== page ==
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Vulvar cancer in Botswana in women with and without HIV infection: patterns of treatment and survival outcomes

Abstract

Objectives Vulvar cancer is a rare gynecological malignancy. However, the incidence of human papillomavirus (HPV)-associated vulvar disease is increasing, particularly in low- and middle-income countries. HIV infection is associated with an increased risk of HPV-associated vulvar cancer. We evaluated treatment patterns and survival outcomes in a cohort of vulvar cancer patients in Botswana. The primary objective of this study was to determine overall survival and the impact of treatment modality, stage, and HIV status on overall survival.

Methods Women with vulvar cancer who presented to oncology care in Botswana from January 2015 through August 2019 were prospectively enrolled in this observational cohort study. Demographics, clinical characteristics, treatment, and survival data were collected. Factors associated with survival including age, HIV status, stage, and treatment were evaluated.

Results Our cohort included 120 women with vulvar cancer. Median age was 42 (IQR 38–47) years. The majority of patients were living with HIV (89%, n=107) that was well-controlled on antiretroviral treatment. Among women with HIV, 54.2% (n=58) were early stage (FIGO stage I/II). In those without HIV, 46.2% (n=6) were early stage (stage I/II). Of the 95 (79%) patients who received treatment, 20.8% (n=25) received surgery, 67.5% (n=81) received radiation therapy, and 24.2% (n=29) received chemotherapy, either alone or in combination. Median follow-up time of all patients was 24.7 (IQR 14.2–39.1) months and 2- year overall survival for all patients was 74%. Multivariate analysis demonstrated improved survival for those who received surgery (HR 0.26; 95% CI 0.08 to 0.86) and poor survival was associated with advanced stage (HR 2.56; 95% CI 1.30 to 5.02). Survival was not associated with HIV status.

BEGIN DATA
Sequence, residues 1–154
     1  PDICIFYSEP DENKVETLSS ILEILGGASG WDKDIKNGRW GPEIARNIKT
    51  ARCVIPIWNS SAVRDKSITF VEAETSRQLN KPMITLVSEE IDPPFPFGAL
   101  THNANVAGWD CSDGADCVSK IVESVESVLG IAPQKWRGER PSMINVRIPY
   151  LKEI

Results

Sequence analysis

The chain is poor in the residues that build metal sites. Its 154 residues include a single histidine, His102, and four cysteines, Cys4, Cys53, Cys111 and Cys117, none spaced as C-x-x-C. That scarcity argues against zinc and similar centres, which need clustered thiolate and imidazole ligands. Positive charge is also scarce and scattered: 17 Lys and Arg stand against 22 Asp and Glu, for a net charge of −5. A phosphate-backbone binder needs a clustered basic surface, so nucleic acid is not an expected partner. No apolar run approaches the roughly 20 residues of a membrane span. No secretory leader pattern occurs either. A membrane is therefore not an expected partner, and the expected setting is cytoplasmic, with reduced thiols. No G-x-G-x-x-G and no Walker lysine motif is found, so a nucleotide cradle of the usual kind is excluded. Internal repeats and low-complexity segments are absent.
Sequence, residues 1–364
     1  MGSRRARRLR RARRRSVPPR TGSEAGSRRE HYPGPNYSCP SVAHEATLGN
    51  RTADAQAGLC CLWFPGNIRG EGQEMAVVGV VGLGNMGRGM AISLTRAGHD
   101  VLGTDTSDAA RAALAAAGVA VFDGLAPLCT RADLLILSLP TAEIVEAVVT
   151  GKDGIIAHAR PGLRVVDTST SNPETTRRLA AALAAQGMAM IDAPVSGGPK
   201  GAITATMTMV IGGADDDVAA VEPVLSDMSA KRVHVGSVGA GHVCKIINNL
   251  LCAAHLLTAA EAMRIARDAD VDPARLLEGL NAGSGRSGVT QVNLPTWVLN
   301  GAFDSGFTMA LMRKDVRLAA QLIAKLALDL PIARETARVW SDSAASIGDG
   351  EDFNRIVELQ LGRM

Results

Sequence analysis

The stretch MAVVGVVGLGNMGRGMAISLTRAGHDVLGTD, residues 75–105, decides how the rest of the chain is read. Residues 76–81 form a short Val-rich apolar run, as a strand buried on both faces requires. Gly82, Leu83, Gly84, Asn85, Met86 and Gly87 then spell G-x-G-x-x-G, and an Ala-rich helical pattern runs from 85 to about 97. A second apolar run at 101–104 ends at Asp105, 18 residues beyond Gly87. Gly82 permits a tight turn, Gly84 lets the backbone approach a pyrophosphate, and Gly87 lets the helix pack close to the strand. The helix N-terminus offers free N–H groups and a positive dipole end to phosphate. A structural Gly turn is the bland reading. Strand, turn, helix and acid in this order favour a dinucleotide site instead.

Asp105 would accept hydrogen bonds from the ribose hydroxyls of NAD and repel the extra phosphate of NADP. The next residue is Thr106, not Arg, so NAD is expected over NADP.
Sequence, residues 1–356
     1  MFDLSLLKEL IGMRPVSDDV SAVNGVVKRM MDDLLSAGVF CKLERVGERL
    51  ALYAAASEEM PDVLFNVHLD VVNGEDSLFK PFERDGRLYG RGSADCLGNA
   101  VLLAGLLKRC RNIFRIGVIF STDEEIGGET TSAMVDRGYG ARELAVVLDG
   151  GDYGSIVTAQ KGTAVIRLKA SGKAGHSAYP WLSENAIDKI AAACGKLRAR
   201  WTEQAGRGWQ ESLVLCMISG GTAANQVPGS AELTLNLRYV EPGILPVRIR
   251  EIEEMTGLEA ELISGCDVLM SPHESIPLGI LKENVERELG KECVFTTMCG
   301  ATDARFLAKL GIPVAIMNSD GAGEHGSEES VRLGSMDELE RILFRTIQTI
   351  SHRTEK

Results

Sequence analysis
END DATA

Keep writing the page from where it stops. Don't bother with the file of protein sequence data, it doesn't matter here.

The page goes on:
Conclusions The majority of women with vulvar cancer in Botswana are young and living with HIV infection. Just under half of patients present with advanced stage, which was associated with worse survival. Improved survival was seen for those who received surgery.

  • vulvar neoplasms

Data availability statement

Data are available upon reasonable request.

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